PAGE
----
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    Vitamin C Lowers Heart Disease Risk

    Effect Is Modest, but Megadoses Are Not Needed
    By
    WebMD Health News

    July 15, 2003 -- Don't stop taking your vitamin C supplements just yet. They may help you stave off heart disease.

    The data come from 85,118 healthy women studied since 1976 in The Nurses Health Study. Boston Children's Hospital researcher Stavroula K. Osganian, MD, and colleagues found that those women who took vitamin C supplements had lower risk of heart disease.

    It's a modest effect. Use of vitamin C supplements lowered heart disease risk by 28%. But every little bit helps. Protection came from rather small doses of vitamin C -- up to about 700 mg per day, including dietary sources such as fruit juice. That's no megadose. But it's 10 times the current Recommended Daily Allowance for women.

    The reduction in heart disease risk was seen in women that who took doses of vitamin C supplements greater than 400 mg per day.

    "Modest amounts of vitamin C supplements may lower one's risk of coronary heart disease," Osganian says in a news release. "Our results do not support a role for megadoses of vitamin C."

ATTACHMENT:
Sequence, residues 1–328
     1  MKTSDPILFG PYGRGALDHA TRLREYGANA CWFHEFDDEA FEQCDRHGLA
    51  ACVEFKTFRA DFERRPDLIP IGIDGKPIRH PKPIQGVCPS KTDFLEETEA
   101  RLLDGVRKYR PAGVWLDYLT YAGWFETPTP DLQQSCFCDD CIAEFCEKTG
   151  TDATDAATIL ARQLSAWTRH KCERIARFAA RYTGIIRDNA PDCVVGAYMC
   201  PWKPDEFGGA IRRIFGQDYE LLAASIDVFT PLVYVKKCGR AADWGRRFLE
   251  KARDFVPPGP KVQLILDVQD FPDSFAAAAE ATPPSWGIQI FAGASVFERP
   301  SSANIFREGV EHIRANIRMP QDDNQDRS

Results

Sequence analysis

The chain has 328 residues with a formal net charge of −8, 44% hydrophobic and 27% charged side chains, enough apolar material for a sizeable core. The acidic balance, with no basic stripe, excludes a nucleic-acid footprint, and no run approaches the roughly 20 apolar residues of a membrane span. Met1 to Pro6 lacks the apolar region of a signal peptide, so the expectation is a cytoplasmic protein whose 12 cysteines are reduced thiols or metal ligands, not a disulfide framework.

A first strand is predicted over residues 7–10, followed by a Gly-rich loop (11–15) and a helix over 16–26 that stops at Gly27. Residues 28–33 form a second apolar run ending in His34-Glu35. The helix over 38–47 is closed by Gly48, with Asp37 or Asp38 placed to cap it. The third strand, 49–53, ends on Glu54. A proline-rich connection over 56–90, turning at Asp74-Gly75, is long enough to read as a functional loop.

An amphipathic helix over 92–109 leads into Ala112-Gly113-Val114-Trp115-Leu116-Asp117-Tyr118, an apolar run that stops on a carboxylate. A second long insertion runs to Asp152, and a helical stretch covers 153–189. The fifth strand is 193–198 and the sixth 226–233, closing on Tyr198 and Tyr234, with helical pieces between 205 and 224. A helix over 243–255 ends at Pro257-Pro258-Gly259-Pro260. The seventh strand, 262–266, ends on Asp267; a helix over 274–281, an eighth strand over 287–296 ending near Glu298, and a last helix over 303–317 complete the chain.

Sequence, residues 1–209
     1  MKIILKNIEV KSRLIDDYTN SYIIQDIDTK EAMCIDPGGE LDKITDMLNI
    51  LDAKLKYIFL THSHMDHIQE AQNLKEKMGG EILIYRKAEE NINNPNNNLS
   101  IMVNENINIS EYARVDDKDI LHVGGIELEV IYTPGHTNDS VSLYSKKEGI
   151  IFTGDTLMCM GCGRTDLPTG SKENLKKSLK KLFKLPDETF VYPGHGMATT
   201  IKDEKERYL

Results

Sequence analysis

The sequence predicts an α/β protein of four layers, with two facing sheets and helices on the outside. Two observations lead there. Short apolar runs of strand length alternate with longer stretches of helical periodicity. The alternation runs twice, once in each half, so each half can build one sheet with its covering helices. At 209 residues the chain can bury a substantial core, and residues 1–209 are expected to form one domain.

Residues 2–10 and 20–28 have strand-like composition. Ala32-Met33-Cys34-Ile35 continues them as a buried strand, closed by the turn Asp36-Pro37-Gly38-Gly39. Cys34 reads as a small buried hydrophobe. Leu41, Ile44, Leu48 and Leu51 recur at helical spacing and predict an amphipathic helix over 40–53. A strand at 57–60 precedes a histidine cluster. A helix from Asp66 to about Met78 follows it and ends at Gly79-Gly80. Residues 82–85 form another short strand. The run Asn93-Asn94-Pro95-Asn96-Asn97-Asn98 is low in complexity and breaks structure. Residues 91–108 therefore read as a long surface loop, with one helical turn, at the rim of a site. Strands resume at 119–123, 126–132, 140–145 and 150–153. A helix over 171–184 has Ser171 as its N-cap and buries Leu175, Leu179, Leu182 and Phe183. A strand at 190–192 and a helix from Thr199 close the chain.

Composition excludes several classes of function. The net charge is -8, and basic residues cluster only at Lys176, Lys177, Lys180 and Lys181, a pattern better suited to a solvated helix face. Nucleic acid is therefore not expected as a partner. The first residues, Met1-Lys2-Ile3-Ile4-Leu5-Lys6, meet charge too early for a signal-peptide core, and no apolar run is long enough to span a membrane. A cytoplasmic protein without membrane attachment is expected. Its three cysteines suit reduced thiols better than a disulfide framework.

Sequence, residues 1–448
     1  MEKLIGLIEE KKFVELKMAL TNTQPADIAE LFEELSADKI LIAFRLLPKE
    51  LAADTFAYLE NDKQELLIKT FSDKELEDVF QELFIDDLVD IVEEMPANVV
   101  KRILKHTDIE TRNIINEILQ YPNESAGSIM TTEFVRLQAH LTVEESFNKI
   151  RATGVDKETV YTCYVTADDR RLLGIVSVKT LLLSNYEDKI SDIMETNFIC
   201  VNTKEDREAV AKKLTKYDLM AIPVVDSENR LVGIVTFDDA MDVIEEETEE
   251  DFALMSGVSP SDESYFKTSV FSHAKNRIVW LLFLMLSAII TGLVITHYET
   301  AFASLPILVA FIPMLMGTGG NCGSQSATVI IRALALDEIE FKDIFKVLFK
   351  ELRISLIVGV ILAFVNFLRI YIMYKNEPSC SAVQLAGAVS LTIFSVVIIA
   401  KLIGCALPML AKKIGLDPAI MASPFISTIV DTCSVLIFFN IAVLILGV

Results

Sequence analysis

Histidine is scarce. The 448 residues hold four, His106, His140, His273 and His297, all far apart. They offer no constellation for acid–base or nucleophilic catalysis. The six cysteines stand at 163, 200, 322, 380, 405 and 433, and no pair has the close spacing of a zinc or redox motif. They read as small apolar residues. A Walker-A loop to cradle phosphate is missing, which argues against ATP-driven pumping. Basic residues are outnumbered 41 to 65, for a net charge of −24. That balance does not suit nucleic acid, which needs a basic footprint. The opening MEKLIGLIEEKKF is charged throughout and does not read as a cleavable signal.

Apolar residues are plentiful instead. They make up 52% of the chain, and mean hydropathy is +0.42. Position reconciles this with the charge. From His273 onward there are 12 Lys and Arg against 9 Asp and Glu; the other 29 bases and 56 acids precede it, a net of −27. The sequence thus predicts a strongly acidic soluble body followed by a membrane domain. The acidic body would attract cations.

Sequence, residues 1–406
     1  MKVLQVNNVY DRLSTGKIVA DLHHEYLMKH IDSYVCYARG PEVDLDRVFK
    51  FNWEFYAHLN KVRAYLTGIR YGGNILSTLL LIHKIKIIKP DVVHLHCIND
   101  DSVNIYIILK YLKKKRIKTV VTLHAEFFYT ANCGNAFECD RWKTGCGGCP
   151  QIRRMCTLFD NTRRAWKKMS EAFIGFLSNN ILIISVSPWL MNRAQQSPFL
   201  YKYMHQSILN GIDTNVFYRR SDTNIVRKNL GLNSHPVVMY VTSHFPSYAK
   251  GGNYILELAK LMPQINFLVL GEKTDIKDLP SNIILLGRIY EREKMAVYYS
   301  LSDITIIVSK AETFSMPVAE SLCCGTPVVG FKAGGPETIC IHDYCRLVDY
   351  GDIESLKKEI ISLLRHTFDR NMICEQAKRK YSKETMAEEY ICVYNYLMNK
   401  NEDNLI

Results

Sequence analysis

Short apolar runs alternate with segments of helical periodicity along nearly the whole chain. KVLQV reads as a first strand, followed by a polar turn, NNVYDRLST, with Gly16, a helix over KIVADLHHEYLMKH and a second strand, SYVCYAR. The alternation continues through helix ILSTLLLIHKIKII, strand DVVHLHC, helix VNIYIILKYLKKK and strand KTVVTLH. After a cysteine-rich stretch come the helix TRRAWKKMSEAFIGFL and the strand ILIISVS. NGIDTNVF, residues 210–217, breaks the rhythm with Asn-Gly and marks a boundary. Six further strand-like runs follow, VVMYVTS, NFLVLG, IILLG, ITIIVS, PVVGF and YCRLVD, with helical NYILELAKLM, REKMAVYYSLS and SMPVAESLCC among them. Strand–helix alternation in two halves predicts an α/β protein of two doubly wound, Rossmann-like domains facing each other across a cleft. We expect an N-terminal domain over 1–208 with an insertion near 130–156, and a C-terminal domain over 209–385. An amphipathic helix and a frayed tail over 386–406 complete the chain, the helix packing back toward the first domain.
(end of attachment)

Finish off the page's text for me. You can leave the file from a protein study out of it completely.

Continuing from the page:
Osganian and colleagues note that women who use vitamin C supplements might engage in other healthy behaviors that protect the heart. They therefore warn that their findings don't conclusively prove that vitamin C supplements cut a person's risk of heart disease.

    In an editorial accompanying the study, Balz Frei, PhD, director of the Linus Pauling Institute at Oregon State University in Corvallis, makes an important point.

    While it's still unclear whether vitamin C supplements have much of an effect, there's no doubt about how to prevent heart disease.

    "What we know with certainty is that a healthy diet and lifestyle lowers the risk of coronary heart disease," Frei writes. "This is what we should advocate to [heart] patients and healthy people alike."

    But, Frei adds, it can't hurt to take about 500 mg of vitamin C each day -- just for "health insurance."

    The Osganian study, and Frei's commentary, appear in the July 16 issue of the Journal of the American College of Cardiology.

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